Requests for refunds of taxes paid in connection with the U.S. Customs Service “Harbor Maintenance Fee” must be submitted to and received by the U.S. Customs Service no later than December 31, 2001. This tax, or fee, was imposed pursuant to the Water Resources Development Act of 1986, which required those who benefited from the maintenance of U.S. ports and harbors to share in the cost of that maintenance. This fee was assessed on exports and other types of port use, including domestic movements between ports, passengers, foreign trade zones and imports from 1987 to 1998.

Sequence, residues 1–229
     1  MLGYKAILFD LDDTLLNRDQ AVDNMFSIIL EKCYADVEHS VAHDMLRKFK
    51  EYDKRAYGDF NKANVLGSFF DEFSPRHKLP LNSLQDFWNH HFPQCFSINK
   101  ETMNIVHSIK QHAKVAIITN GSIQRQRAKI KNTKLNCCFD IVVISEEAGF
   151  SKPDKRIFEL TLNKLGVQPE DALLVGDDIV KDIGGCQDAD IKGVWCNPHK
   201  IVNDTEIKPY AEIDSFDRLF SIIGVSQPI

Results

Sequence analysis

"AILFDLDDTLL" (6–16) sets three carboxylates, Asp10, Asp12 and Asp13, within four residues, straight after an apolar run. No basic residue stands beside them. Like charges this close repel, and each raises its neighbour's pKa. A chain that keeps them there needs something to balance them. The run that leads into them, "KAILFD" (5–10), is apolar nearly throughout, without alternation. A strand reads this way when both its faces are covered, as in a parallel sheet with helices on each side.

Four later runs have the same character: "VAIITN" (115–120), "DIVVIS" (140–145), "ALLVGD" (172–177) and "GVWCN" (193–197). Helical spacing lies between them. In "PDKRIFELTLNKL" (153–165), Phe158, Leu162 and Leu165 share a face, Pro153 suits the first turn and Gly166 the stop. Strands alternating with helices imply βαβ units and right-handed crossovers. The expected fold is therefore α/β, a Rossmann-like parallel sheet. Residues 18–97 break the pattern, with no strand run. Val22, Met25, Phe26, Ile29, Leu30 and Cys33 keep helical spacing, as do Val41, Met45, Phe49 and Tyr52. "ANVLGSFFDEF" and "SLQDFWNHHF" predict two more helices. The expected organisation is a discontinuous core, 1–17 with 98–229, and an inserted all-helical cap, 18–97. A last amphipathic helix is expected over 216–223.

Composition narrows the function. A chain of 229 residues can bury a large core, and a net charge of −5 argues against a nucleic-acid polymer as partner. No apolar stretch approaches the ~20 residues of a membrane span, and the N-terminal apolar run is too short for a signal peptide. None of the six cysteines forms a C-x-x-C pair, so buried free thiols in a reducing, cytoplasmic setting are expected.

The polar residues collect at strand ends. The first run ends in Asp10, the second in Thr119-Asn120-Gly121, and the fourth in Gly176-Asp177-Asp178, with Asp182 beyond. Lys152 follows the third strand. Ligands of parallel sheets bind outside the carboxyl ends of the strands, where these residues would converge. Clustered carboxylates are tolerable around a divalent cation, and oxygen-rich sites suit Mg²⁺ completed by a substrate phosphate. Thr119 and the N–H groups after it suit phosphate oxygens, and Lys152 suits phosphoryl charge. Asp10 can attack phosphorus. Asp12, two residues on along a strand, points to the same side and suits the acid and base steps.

Since April of 1998, based on the U.S. Supreme Court’s decision that Harbor Maintenance Fees as applied to exports of merchandise are unconstitutional, the Customs Service has not collected fees for such exports. In February 2000, the United States Court of Appeals for the Federal Circuit held that exporters may use administrative procedures to claim refunds of the harbor maintenance fees and that these procedures do not impose a time limit within which such refunds may be claimed. The court acknowledged, however, that the Customs Service possessed the authority to impose time limits on refund requests. As a result, in December 2000, the Customs Service proposed to amend its regulations to require time limits for refund requests. These new regulations, which become effective on December 31, 2001, implement a one-year deadline for filing. In essence, because the Customs Service has not collected harbor maintenance fees on exports since 1998, these regulations effectively preclude the possibility of refunds after the December 31, 2001 effective date. Therefore, companies that exported commercial cargo from U.S. harbors between 1987 and 1998 should ensure that they request any refunds to which they may be entitled prior to December 31, 2001.